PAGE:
V.F. Corporation, together with its subsidiaries, engages in the design, manufacture, and sourcing of branded apparel and related products for men, women, and children in the United States. This dividend aristocrat has increased distributions for the past 38 consecutive years. The latest dividend increase was in October 2010, when the company raised distributions by 5% to 63 cents/share.
Over the past decade this dividend stock has delivered annualized total returns of 15.80 % to its shareholders.
The company has managed to deliver a 6.90% average annual increase in its EPS between 2000 and 2009. Analysts expect V.F. Corp to earn $6.19 per share in 2010 and $6.67/share in 2011. In comparison, the company earned $4.13/share in 2009.
The company’s return on equity has deteriorated steadily since hitting a hit in 2003. Rather than focus on absolute values for this indicator, I generally want to see at least a stable return on equity over time.
The annual dividend payment has increased by an average of 11.50% annually since 2000, which is much higher than the growth in EPS. The main reason is the increase in the dividend payout ratio over the past decade, triggered by a steep one time dividend increase of almost 90% in 2006.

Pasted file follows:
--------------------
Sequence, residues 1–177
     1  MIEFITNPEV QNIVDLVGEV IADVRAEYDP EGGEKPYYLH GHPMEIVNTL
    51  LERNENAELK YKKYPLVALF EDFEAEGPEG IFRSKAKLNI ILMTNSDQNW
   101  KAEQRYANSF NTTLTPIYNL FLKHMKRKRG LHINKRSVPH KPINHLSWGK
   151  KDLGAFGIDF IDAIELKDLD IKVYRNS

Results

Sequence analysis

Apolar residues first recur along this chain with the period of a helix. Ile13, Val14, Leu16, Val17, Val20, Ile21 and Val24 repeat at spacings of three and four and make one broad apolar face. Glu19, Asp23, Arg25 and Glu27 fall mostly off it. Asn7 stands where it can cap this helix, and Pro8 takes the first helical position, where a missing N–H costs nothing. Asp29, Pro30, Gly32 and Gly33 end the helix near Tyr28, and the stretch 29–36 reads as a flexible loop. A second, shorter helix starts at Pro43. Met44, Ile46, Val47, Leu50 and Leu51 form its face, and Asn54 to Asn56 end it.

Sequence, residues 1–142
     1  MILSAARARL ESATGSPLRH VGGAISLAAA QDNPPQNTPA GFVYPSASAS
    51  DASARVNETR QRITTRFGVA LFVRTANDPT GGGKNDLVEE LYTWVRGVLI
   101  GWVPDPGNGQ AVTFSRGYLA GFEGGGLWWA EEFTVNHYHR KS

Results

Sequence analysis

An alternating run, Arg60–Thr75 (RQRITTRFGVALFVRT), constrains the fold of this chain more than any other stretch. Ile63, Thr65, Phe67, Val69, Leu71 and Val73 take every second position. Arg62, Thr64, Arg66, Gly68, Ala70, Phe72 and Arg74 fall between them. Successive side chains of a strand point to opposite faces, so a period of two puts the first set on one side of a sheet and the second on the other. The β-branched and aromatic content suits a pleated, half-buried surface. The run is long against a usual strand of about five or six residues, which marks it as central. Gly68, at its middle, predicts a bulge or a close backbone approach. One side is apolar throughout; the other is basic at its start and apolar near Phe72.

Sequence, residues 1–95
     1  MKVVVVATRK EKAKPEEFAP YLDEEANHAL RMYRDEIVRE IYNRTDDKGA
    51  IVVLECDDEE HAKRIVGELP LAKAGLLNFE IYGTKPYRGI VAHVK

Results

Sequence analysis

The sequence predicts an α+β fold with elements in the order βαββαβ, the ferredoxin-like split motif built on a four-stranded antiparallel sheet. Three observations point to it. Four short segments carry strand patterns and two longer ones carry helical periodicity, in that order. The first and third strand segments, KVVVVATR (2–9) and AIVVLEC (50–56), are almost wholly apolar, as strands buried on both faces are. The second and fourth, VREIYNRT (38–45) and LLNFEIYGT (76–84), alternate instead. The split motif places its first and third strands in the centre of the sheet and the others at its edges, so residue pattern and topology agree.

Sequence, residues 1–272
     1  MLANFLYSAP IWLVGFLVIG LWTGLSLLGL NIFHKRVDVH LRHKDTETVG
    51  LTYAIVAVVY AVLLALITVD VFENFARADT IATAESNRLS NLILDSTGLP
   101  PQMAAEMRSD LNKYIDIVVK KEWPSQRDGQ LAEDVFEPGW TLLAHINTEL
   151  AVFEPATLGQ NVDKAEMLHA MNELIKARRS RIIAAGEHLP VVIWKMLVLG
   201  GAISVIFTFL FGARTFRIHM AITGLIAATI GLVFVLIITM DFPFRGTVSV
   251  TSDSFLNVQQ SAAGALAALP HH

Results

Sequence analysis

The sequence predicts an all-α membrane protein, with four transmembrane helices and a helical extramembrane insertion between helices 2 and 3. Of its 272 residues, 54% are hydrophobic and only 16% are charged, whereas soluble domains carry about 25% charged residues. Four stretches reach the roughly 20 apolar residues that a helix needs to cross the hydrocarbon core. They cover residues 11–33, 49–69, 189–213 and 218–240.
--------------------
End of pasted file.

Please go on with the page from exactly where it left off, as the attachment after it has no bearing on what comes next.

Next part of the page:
A 12 % growth in dividends translates into the dividend payment doubling every six years. If we look at historical data, going as far back as 1986, V.F. Corp has actually managed to double its dividend payment every seven and a half years on average.
The dividend payout ratio has increased over the past decade, breaking out above 50% in 2009. Given the expected earnings of $6.19 in 2010 and the new annual dividend rate of $2.52/share, I would expect the payout to drop to 50% and to decrease further by 2011. A lower payout is always a plus, since it leaves room for consistent dividend growth minimizing the impact of short-term fluctuations in earnings.
Currently, VF. Corp is attractively valued at 13.50 times earnings, has an adequately covered distribution and yields 3%. I would consider initiating a position in the company on dips.
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